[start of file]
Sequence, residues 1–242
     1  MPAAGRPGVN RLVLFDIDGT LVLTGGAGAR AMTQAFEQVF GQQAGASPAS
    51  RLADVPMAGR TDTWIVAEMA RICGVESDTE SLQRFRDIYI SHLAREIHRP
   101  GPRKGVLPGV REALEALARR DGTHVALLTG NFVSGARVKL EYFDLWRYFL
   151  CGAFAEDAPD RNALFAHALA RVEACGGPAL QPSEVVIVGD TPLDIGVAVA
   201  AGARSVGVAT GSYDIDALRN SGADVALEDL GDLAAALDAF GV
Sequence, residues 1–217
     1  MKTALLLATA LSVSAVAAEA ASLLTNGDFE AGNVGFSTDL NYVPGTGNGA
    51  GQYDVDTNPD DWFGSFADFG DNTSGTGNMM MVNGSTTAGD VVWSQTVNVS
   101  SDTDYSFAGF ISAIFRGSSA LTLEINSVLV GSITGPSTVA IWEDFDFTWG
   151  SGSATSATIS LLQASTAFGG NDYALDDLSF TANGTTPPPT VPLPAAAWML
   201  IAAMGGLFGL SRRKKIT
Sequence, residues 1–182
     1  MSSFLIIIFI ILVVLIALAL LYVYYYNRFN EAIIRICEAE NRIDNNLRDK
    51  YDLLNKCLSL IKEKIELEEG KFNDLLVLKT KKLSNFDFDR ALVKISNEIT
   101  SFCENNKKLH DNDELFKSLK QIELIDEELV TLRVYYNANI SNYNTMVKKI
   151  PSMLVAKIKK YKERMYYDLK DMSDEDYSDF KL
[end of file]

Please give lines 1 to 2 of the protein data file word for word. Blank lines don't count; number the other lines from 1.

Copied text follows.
Sequence, residues 1–242
     1  MPAAGRPGVN RLVLFDIDGT LVLTGGAGAR AMTQAFEQVF GQQAGASPAS